## Lab-In-The Field Block distribution

This forum is for posts covering broader stated choice experimental design issues.

Moderators: Andrew Collins, Michiel Bliemer, johnr

### Lab-In-The Field Block distribution

Dear All,

As part of a lab-in-the-field study in East Africa, we plan to conduct a choice experiment. We will move from one village to another. We plan to visit 32 villages: 16 in Kenya and 16 in Uganda. Furthermore, we will have up to 24 participants per village.

My idea was to have a d-efficient design with 48 blocks of 8 choice sets. In the villages, we will then distribute either the first 24 blocks or the second 24 blocks. I just realized that we might have a problem if we do not reach 24 participants per village. Some blocks might be underrepresented in the overall sample due to our mechanism of distributing the blocks according to participant ID (which is randomly distributed between 1 and the max. number of participants per village).

Is it a problem to have some blocks less often represented than others?

Is it better to have a random allocation of the blocks? Or even fewer blocks?
However, here we might get the problem that there might be some participants within one village that actually play the same choice sets; some choice sets might be less likely to be played, and we have no control over this distribution of blocks.

It is a labeled choice experiment with 4 attributes with 2 to 5 attribute levels each.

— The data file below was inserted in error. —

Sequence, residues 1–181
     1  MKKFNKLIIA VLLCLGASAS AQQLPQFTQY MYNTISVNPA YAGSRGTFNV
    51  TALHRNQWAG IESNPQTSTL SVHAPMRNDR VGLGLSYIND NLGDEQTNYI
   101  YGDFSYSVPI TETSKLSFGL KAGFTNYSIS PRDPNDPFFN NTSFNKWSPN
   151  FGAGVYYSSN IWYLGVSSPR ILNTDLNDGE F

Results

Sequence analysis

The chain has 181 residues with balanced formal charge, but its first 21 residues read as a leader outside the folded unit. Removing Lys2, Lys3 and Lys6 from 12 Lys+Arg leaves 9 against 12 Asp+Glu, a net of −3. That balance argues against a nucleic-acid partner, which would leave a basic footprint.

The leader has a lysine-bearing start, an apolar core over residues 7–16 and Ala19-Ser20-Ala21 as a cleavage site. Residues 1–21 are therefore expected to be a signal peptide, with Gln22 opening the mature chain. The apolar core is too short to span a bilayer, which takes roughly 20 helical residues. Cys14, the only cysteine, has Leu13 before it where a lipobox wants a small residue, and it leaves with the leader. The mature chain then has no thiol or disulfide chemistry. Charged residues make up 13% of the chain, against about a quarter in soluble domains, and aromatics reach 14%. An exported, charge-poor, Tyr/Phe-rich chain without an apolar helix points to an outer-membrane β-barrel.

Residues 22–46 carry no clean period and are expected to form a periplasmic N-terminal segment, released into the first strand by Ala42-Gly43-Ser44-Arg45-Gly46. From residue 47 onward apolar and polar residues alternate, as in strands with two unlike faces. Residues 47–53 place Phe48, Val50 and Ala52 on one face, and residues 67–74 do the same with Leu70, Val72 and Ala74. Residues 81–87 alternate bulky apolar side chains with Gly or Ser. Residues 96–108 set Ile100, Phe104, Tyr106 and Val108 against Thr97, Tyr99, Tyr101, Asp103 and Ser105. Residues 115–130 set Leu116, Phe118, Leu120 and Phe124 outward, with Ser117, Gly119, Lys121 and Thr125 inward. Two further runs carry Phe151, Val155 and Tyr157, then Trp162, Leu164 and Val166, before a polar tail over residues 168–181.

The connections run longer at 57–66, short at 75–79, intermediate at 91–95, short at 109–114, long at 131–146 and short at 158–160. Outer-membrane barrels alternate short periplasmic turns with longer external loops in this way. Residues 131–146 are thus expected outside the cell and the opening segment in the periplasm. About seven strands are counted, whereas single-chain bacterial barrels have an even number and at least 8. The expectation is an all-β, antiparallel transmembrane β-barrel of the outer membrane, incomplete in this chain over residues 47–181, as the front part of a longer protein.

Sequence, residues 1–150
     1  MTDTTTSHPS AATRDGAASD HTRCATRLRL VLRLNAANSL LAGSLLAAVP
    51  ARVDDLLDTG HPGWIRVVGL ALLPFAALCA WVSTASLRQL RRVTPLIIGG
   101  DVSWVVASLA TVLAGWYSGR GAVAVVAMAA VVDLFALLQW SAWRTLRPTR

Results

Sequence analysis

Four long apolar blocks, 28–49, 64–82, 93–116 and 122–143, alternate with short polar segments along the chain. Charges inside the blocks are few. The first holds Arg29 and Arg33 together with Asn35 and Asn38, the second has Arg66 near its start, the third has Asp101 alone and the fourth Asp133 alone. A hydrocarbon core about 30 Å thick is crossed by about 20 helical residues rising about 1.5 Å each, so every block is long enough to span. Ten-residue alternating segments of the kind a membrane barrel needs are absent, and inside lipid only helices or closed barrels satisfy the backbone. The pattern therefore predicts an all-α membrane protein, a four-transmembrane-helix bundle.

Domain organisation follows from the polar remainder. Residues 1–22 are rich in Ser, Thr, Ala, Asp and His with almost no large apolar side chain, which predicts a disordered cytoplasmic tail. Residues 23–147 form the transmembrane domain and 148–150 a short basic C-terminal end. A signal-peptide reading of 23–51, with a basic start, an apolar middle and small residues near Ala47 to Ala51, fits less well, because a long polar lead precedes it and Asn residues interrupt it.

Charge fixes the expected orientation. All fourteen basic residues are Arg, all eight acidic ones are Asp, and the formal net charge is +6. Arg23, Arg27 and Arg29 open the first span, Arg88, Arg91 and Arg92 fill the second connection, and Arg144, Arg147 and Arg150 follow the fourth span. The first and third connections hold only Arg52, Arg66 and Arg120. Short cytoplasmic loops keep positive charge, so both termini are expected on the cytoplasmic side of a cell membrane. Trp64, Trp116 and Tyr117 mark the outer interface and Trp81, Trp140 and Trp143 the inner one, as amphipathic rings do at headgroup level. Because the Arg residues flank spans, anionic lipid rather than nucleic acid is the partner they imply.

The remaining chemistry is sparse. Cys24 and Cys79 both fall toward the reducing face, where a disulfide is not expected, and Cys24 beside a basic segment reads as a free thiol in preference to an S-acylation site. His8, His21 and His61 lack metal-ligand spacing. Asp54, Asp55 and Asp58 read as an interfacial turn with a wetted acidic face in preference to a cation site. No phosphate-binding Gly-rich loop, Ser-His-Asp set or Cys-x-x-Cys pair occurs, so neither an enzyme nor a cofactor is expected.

Kind Regards
Philipp Händel
PDH

Posts: 2
Joined: Tue May 14, 2024 7:10 pm

### Re: Lab-In-The Field Block distribution

A design with 48 blocks of 8 choice tasks has 384 rows. Is there a reason why you would like to use such a large design? There is usually not much need to have hundreds of rows in a design, unless you have a very complex model with a large number of parameters.

I always try ensure that each block is completed at least once, but with so many blocks there is a high likelihood that some blocks are not completed at all. Also, it becomes more difficult to compare across different villages and countries if the completed choice tasks are very different due to certain blocks being unevenly completed. By reducing the number of blocks you would reduce this risk, although in practice you will always have some imbalance in blocks in the data set and that is fine. If you would like to compare villages, you may want to use the same blocks across all villages. For example, you could use 12 blocks of 8 choice tasks each, and use the same 12 blocks across all villages.

Michiel
Michiel Bliemer

Posts: 1795
Joined: Tue Mar 31, 2009 4:13 pm

### Re: Lab-In-The Field Block distribution

Dear Michiel,

Thanks for the reply. This is very helpful. Then I will readjust our design and use less blocks.

The high number of blocks is basically driven by the idea that more blocks is always better and the expectation to get all 24 participants in each village. According to this assumption, we would have had an even distribution of completed blocks, at least at country level, but I wrote in the forum because we realized that we could not fulfil the assumption and therefore had to adapt our design.

Greetings
Philipp
PDH

Posts: 2
Joined: Tue May 14, 2024 7:10 pm